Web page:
From these areas came several great artists, there are lots of paintings and artistic work left, and Scandinavia were greatly inspired by the clothing and fashion movements from the German area.

To both challenge and inspire myself I decided to make a Golden Egg challenge on the topic of 15th century clothing. The Golden Egg is a household in the SCA; you can read more about it here. My goal is now to research and make a whole outfit from the late 15th century for myself, and the timeline is one year between start and presentation.

I wanted to share some of my research, as well as some good sources for you to read for yourself. My main interest is the clothing for women, but you will find lots of good inspiration for men’s fashion as well.

olika modeller

Some important points to remember when studying 15 c fashion (or any historical fashion really) is:

  • The diversity of the period. Fashion shifted over a certain time, and during the 15th c it shifted quite fast. It also differed over areas (such as towns, countries) as well as social classes. It is not possible to sum up the period by stating “a women wore this and this, in such a way” but some things are similar, like wearing a linen shift, middle kirtle and over dress of some kind. How these looked, what materials they were made in and how you wore them differed greatly, as did the accessories.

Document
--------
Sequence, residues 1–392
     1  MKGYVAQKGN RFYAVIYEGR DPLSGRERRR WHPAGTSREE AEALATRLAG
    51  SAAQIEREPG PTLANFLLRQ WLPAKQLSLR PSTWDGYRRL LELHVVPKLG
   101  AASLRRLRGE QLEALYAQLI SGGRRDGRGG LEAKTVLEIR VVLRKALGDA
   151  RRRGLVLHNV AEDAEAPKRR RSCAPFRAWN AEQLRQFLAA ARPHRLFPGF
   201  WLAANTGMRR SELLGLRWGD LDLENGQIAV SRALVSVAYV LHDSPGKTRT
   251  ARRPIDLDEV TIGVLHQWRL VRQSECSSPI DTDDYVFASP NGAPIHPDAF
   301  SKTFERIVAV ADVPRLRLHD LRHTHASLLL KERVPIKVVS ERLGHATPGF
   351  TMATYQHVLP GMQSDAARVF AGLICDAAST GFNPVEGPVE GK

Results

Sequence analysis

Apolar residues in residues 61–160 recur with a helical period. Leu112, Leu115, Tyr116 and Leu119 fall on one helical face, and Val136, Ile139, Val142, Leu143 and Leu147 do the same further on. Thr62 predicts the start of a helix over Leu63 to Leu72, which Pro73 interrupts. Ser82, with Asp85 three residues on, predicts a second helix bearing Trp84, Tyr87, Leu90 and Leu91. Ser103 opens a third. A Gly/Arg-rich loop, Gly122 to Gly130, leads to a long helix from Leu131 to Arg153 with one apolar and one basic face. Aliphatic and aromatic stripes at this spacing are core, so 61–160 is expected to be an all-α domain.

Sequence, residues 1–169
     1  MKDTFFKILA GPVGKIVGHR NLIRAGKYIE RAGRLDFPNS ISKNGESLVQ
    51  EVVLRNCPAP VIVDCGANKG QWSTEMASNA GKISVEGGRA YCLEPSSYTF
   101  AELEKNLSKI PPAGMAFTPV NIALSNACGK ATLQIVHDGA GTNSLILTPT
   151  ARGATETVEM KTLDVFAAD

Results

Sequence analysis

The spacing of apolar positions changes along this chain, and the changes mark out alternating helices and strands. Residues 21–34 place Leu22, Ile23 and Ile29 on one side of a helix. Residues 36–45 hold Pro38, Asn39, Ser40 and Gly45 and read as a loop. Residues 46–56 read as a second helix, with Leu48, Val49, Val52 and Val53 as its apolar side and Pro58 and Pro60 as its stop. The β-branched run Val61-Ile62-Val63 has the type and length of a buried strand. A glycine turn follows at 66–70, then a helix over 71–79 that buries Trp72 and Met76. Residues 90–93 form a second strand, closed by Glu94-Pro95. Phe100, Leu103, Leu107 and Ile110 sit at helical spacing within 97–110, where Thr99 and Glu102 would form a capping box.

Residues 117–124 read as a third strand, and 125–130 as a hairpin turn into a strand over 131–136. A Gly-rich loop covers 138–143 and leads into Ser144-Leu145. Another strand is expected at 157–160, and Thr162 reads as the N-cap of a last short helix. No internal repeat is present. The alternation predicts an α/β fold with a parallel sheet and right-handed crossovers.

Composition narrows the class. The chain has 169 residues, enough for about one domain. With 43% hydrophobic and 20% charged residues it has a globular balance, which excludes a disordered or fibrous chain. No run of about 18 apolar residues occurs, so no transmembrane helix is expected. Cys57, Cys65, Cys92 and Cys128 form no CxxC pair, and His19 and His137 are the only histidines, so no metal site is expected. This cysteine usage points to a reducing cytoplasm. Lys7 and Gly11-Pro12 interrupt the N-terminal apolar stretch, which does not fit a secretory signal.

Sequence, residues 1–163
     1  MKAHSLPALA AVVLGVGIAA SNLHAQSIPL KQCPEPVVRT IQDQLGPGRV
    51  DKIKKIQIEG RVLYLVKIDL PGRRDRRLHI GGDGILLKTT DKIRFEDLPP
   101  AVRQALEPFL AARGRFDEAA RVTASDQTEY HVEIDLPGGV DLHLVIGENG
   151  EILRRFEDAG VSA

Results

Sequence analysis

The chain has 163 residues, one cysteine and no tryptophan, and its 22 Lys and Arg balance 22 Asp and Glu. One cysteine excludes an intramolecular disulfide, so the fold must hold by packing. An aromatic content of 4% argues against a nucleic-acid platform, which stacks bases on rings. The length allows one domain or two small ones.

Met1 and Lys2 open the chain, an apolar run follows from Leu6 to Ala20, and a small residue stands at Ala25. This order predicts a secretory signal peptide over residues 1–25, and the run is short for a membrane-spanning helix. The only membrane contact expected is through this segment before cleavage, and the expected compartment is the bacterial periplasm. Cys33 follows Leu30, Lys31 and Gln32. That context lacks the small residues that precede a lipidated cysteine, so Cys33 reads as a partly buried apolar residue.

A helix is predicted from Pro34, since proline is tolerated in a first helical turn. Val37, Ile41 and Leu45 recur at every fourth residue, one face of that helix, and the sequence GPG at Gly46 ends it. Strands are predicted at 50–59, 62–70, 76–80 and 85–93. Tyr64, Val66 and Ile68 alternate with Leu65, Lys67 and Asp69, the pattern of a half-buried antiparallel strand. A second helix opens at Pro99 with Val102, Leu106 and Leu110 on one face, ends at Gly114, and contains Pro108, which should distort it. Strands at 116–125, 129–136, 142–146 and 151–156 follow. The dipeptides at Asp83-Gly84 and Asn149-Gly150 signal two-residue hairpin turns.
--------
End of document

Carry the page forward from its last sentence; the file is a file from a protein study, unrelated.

• The art and paintings of the period is a really good source, since there’s a lot of them, and the fashion of art suggested a natural, realistic reproduction of the people living during that period, with lots of details regarding seams, models, fashion and materials. This was also the period when portraits became popular for others than the nobility, with the ever-increasing burgher class economy as a base for portraits. This give us a source of good depictions of people of the time, and also gives a good clue on what kind of clothing and headwear was in fashion. It is important to note that there also were sumptuary laws regarding what you could wear, and how you were to be portrayed according to your status in society, making the understanding of art and symbolic meanings very important.

 

  • Religious art was also very important, and great artworks were often the result of a whole workshop with different painters, studies and sketches from different areas and periods, as well as saints depicted with biblical clothing and symbolic tokens. This means that you can find different styles in one and the same painting, both considering fashion and the style of the artist, even though the master overlooked the work on each artwork. It also means that flowing robes and cloaks that appear might not be the fashionable items like the gowns and doublets right beside them, but more some kind of biblical clothing.